MONDAY. 26 AUGUST 2019
Subject: New research on Australia’s incarceration rates.
ADRIENNE FRANCIS: You know that of course Australia's states, with the exception of South Australia and Victoria, were first established as penal colonies. It comes as no surprise then that in the 19th century, a large proportion of the adult population were incarcerated. In fact, as many as 6.5 per cent of the adult population in the 1860s were in jail. So what might surprise you is that we currently imprison a greater proportion of adults than at any time since the late 19th century. That's the finding of some research conducted by federal parliamentarian and Member for Fenner Andrew Leigh. He says we're now in a second convict page. Andrew Leigh joins me on the line. Good morning, Andrew. What is the current rate of incarceration in Australia?
ANDREW LEIGH, SHADOW ASSISTANT MINISTER FOR TREASURY: Good morning, Adrienne. Great to be with you. The current rate of incarceration is 0.2 per cent - so two in 1000 Australians are behind bars. As you say, the highest level since 1899.
FRANCIS: So what have been the longer term trends in its incarceration to get us to this point?
LEIGH: It's interesting. You see a massive drop through the late 19th century, stable through much of the 20th century, and then it’s only around 1985 that Australia's incarceration rate starts to rise. It’s in tandem with what's going on in Britain and New Zealand over that period and in the United States, though the United States has been falling for the most recent decade. And over that period, we've almost doubled the share of the population behind bars. You see it most starkly for Indigenous Australians, where you've now got a situation where 2½ per cent of Indigenous Australians right now are behind bars and where a quarter of Indigenous men born in the 1970s have spent time in jail. So the impact of mass incarceration is felt right across the community, but particularly among indigenous Australians.
FRANCIS: What do you see as some of the drivers then? You've mentioned that it started to increase, the rate of incarceration, in 1985. What was behind that?
LEIGH: There seem to be a number of things. There’s a greater willingness of people to report crimes, a greater willingness of police to move to press charges, a greater willingness of courts to impose custodial sentences. It’s become harder to get bail, and so the share of people who are in jail awaiting trial has gone up substantially. All of those factors have acted together to drive up the incarceration rate. Just looking in our own picture here in the ACT, if you go back to the mid-1980s, we had a third of the share of population in jail than we do now. Partly that's because we opened our own jail, the Alexander Maconochie Centre, in 2008 but even before that you could see the incarceration rate going up here in the ACT.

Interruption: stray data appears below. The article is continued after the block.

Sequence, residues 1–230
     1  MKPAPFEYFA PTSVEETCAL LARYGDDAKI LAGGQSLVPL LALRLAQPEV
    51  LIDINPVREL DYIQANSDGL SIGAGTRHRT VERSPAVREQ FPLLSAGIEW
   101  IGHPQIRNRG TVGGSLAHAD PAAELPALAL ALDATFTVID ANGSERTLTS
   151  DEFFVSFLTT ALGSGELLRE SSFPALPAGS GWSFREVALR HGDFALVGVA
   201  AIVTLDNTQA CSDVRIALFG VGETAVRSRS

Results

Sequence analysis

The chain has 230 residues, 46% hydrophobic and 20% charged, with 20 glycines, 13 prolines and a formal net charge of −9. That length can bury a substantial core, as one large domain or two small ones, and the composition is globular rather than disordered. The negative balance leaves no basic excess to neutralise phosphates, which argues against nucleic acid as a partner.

FRANCIS: And so what are the current figures for our region?
LEIGH: For the ACT, we've got 0.15 per cent of the population in jail. It's one of the lower rates across Australia - only Tasmania is lower - but the increase has been pretty substantial. In fact, in percentage terms, our increase has been bigger than any other jurisdiction since 1985.
FRANCIS: And is there new information there about the rates of incarceration for Indigenous Australians here in the ACT as well, as part of the dataset you've been looking at?
LEIGH: I don’t have the indigenous figures for the ACT in front of me. I certainly do know across Australia, the Indigenous incarceration rates have been going up massively. I mentioned before that 2½ per cent of Indigenous adults are in jail. You also see the experience of encounters with police becoming strikingly common. One extraordinary study from Western Australia, Adrienne, found that if you looked at the Indigenous men born in the 1970s that nine out of 10 of them had been arrested at some point in their lives. So the experience of encounters with the criminal justice system, arrests or imprisonment has become strikingly commonplace for Indigenous Australians. Indeed we now lock up a higher share of Indigenous Australians than the US locks up of African-Americans.
FRANCIS: What are the costs of these high rates of incarceration that you speak of, both in terms of the financial costs and the social costs?
LEIGH: Imprisoning a prisoner costs about $300 a day. So if you look back at the increased incarceration since the early 1980s, the that impact has been something in the order of $2.6 billion a year. So each of us are paying more than a hundred dollars a year more in taxes in order to keep that additional population locked up. We also know that prison can have a massive impact on deskilling people. It can expose them to significant health risks - 8 per cent of prisoners share needles, 11 per cent say they've being attacked by another prisoner, more than half expect that they'll be homeless when they're released. But there's also the kids. So we've got 43,000 people in jail at the moment and around 77,000 Australian children have an incarcerated parent. And we know that has a significant impact later in life. Kids with a parent behind bars are more likely themselves to go off the rails, it has adverse impacts on their mental wellbeing, their school performance, family income. So there's a poverty impact on the children of prisoners, which we need to bear into account when considering the social cost.